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Author Topic: Military Cletrac  (Read 19476 times)
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Jim Baker
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« on: June 06, 2010, 03:38:56 PM »

Back in Jan. of 09 there were some posts regarding drawings of a M2, or M1, the same, I suspect.  I, too, am a modeler, and would like to find some dimentions in order to build a model.

If the poster was able to get some drawings/dimensions, etc., and would be willing to share them, or the source, I would be ever so grateful.

I build paper models of airplanes, vehicles, etc., and would be happy to post a photo of the model Cletrac, if and when I am able to get it built...depending upon finding a starting point!  Even the width of a tread, or the diameter of the driving or idler wheel would be a good start.

Jim
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waayfast
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« Reply #1 on: June 08, 2010, 10:13:35 AM »

Here is a few:(inches)
Dia.drive wheel                                             :24
Dia front idler                                               :24
Track pads                                                   :13 1/2 x 4
length(leading edge of
track to trailing edge
of track)                                                      :135
bottom of track(on ground)to top of track      :38 1/2
width to outside of tracks                             :65 1/2
length from leading edge of front road wheel
to trailing edge of rear road wheel                :76 1/2
dia. return wheel                                         :8
center to center return wheels                      :30
front of drive wheel to center of rear return  :23
Length of guide bar(horizontal frame rail
above the bogies)                                        :84 1/2
Width to outside of fenders                          :67 1/2
width of seat                                               :63 1/2
depth of seat (front to back)                         :20
height of seat(18 for seat,add 3 for mount
between seat and fender)                             :21
height of seat sides(from bottom of seat)     :10
width of cowl/radiator                                  :33
height top of fenders to top of cowl               :21 1/2
front of seat bottom to rear of fuel tank        :13 1/2
ground to top of seat back (approx.)             :62
total length of fenders                                  :139
length of fender (top surface)                       :126 1/2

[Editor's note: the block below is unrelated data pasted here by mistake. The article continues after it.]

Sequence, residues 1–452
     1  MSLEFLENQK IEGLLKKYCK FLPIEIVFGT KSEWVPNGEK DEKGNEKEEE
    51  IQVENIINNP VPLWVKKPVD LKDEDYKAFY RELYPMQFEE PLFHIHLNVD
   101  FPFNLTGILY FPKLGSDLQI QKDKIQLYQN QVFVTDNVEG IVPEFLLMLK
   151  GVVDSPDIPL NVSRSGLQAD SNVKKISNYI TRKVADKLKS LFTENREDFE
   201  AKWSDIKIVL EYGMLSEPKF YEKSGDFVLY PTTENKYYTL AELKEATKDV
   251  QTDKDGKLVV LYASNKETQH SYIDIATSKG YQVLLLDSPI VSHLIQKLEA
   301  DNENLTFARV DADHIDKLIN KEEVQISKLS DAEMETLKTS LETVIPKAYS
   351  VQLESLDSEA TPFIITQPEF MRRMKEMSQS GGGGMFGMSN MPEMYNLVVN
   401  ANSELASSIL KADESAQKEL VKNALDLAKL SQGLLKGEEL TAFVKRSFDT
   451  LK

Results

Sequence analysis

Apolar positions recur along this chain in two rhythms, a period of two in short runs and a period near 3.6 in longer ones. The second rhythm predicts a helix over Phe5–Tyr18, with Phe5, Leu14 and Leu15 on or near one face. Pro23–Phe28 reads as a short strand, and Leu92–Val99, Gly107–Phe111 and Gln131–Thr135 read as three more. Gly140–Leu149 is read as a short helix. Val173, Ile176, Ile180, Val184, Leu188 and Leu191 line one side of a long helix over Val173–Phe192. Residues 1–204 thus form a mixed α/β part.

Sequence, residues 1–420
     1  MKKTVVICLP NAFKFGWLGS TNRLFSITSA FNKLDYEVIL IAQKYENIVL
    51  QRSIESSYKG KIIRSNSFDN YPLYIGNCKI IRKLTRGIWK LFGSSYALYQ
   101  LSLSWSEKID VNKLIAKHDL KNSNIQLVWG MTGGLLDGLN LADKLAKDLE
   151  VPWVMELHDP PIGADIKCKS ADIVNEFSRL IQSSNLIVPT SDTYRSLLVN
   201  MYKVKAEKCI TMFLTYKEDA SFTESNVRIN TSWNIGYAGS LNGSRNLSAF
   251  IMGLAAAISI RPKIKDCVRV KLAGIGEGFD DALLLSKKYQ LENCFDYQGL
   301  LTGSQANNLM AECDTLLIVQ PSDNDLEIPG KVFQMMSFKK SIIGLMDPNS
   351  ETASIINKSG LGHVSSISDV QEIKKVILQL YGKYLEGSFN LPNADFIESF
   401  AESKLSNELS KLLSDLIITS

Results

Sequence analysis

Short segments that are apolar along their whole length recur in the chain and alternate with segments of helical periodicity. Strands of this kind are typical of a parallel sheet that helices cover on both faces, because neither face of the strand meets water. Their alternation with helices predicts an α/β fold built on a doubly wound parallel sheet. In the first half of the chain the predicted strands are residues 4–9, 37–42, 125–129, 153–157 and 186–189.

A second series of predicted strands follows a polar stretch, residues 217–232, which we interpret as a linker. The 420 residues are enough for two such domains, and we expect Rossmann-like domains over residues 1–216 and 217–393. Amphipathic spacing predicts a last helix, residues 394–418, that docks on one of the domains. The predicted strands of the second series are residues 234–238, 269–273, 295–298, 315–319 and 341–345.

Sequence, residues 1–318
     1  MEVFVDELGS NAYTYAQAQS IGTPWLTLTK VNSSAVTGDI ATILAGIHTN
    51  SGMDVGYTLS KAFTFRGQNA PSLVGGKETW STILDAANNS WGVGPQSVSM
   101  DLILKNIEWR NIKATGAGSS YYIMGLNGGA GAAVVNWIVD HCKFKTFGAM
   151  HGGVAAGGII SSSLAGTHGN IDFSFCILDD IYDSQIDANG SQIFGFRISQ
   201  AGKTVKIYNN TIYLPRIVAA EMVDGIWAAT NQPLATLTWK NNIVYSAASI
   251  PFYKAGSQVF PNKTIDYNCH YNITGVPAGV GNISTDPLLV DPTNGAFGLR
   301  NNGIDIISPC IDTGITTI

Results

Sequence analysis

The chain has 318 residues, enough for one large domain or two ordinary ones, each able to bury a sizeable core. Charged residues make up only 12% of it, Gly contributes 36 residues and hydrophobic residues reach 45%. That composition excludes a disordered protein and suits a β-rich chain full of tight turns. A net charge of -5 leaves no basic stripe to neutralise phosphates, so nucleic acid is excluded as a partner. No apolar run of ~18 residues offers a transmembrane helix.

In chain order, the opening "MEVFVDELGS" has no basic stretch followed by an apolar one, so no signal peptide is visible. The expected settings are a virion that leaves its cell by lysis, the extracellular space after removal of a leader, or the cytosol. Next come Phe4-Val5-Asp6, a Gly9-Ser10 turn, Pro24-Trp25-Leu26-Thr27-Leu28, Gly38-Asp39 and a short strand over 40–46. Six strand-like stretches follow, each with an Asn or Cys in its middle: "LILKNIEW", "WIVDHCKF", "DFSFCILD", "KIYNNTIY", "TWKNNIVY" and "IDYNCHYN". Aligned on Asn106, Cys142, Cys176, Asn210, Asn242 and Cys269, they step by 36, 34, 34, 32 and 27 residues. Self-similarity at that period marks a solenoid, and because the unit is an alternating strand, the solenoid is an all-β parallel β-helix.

width of fender                                            :15 3/4
battery tray base on right fender                   :11x23 1/2
 front of radiator to back of fuel tank            :73 1/2
 front of bumper to front of radiator
guard                                                           :22 1/2
front of bumper to front of radiator               :33
front of bumper to front of very leading edge
of fender                                                      :7
bumper                                                         :68w X 6h X 4 1/2 deep
« Last Edit: June 08, 2010, 11:12:28 AM by waayfast » Logged

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waayfast
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« Reply #2 on: June 08, 2010, 10:54:33 AM »

Here is a few more:  (inches)
inside edge of fender to inside edge of fender:36 3/4
width of drive/idler wheels                            :9 1/2
outside to outside of a pair of road wheels
(one set bogies)   O__O O__O                       :34 1/2
Opening front of radiator                              :27 1/2w X 23 1/4h
 Total height radiator                                    :31
radiator guard                                               28 1/2h X 35w


   Hope these help!! I am building a plastic model of an MG-1.It came in a 1/48 scale model of a B-24 bomber.(Revell kit 5625).The cletrac is just an add-on to the Bomber--not very much detail- but it is the only model of the MG-1 I have found.If and when I get it done and figure out how to post pics here I'll post it.
   Jim
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« Reply #3 on: June 08, 2010, 10:48:15 PM »

Thanks waayfast, for all that information.  If I can't get something started from that, I may as well hang  up my drawing board!  I will keep you up to date on the progress.   Jim
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Jim Baker
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« Reply #4 on: June 16, 2010, 10:16:28 PM »

Hello Waayfast (and others),

I've put together a few lines toward a working plan for a MG1 model, thanks to Waayfast's kind provision of a whole bunch of dimensions.  So, here is a beginning.  Think this will work?  I'll keep you posted, but it will be a pretty slo go for a time.  Be patient.
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Ol Paint
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« Reply #5 on: June 17, 2010, 05:53:07 PM »

That's looking really good, so far.  Are you going to model it in 3D CAD, or 2D, only?  I was going to link some dimensions, but waayfast came up with a much more comprehensive list!

Douglas
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Jim Baker
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« Reply #6 on: June 18, 2010, 06:58:18 PM »

Thank you,  Ol Paint.  And I've gotten this far thanks to waafast.  By the way, can either of  you give me a measurement from the ground to the top of the fender....I am guessing at that, judging from photos.

I'm doing this with a 2D program, Ashlar Vellum Drawing Board.  I hope to get some skills together enough to do a 3D in Rhino, but that is a big order.  The 2D will do enough for what I want, and that is to build a model, from paper, to go with my paper airplanes.  

I have mined enough photos from the internet to have a pretty good idea of what most of the CLetrac looks like, and the measurements make it possible to draw something up.  I am still missing some info on the underbelly of the machine, such as what holds the track "beams", for lack of a better term, to the main frame.  I talked to Mr. Zimmerman today, and he may have something helpful.  Will work on that. I don't need a whole manual, for which would cost about $45!  

Will post as I go.
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Ol Paint
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« Reply #7 on: June 18, 2010, 07:57:58 PM »

Sure, I'll try to get that dimension for you over the weekend.  

There are two longitudinal rails that run from the transmission housing forward past the engine to the front bumper supports.  This has a cross-member under the front of the engine, tying the subframe together.  The skidplates also serve double duty to hold the subframe rails together.  The track units are bolted to the subframe via heavy brackets from their crossmembers tying the two individual track units together.